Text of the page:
The 60 year period in which the programme has been functioning was a period of radical social transformation in the island, and the programme has adapted itself to these changes realistically and creatively. Paralleling the process of decolonisation signified by the electoral victory of the nationalist forces in 1956, the programme has opened its doors increasingly wider, as seen, for example, in the apparent devaluation of an excellent knowledge of English as an indispensable criterion for selection for an award, although the programme expects, as it must for obvious reasons, that successful candidates acquire, prior to their departure, a knowledge of English adequate for them to follow their studies in the US. This democratising trend reveals an imaginative understanding of the country’s social processes for which Tissa Jayatilaka deserves credit, for it was during his tenure as Executive Director that this wider openness was gradually woven into policy. One could notice a related adaptation in the shift in emphasis from the US to bi-nationality as the prime mover of the programme, reflected in turn in the change in the designation of the institution from “the US Educational Foundation” to “the US-Sri Lanka Fulbright Commission”. It is important to note however that this democratisation, while paralleling the decolonisation process, is nevertheless qualitatively different from the latter with its component of re-feudalisation that since 1956 has been gaining greater dominance, culminating in the post-war state about which, as mentioned above, the Sri Lankan contributors have expressed dire concern.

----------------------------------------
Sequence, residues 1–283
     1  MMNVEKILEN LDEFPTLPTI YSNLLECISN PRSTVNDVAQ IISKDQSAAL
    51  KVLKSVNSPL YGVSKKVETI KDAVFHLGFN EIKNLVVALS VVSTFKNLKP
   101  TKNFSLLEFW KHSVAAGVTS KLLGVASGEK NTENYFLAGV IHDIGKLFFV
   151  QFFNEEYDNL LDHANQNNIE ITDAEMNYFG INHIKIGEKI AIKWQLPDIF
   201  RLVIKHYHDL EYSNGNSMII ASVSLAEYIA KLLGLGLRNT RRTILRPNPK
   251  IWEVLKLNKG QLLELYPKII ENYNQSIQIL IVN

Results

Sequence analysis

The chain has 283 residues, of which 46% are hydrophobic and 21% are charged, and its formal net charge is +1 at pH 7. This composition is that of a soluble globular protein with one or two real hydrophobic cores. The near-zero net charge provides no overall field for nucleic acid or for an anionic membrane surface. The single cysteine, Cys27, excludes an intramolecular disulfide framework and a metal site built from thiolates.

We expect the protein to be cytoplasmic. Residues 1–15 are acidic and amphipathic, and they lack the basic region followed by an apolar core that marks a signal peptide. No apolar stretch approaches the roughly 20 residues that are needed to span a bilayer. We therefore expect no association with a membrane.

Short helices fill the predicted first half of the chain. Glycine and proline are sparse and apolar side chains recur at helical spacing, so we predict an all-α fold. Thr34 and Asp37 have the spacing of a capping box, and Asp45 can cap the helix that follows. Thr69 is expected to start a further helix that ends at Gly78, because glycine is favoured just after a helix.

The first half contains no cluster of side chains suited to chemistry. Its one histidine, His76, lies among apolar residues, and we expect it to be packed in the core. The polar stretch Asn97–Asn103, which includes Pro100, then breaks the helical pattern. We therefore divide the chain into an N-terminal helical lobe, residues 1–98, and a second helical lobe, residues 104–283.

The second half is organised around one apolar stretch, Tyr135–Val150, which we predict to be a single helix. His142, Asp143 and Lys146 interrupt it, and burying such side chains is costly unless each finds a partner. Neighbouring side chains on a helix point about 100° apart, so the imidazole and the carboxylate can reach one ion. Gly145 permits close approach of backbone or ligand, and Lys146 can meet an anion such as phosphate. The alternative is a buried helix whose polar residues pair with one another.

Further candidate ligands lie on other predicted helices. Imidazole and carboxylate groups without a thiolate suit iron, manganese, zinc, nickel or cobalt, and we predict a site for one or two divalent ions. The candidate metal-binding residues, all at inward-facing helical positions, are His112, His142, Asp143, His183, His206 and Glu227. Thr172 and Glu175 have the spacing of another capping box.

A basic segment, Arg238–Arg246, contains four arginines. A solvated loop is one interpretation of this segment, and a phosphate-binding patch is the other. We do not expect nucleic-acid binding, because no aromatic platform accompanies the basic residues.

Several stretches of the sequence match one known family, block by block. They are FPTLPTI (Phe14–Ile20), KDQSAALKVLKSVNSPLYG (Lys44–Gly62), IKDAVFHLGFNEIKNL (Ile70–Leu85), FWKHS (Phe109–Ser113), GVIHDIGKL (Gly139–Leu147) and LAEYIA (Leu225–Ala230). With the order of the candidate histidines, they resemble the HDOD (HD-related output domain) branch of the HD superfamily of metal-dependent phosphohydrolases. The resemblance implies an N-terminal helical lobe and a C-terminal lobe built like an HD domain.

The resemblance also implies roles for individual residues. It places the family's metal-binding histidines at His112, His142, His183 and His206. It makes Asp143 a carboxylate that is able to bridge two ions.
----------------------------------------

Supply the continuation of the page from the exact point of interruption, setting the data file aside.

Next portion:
One of the misunderstandings about the programme is the view that it is an elaborate design to brainwash the recipients of the award into becoming American agents spying to undermine the Sri Lanka state, and that its office is some sort of American outpost. One of the writers, Dr. Deepika Udugama, puts it mildly, “At first glance, it may appear that the programme is about indoctrinating foreign students about US interests and the American way of life”. (I have met educated, intelligent, affluent, “westernized” Sri Lankans who believe that Americans who learn Sinhala do so solely for imperialist purposes). If this view is rooted in xenobphobia, we have another derived from anglophilia. This is the view held in particular by some university intellectuals that the American MA and PhD degrees the Fulbright programme enables are no match to their counterparts conferred by British universities. This is part of a broader world view held by these individuals that American universities and their system of education are inferior to those in Britain. This naive understanding is fast disappearing, with some who held it revising it so convincingly that they have sought academic and other positions in the US.

For most writers, the Fulbright enabled their first experience of travel abroad. In their separate ways, all letters tell us about the generosity of strangers, the thrill of discovering a new culture, having new experiences and making lasting friendships. These are not just between Americans and Sri Lankans but a large variety of people of other cultures these scholars met in the course of their studies in classrooms, libraries, archives, in the field, or simply on the streets. This in all probability is the kind of intercultural understanding through the exchange of scholars that the visionary politician Senator William Fulbright had in mind when he dreamed of the programme.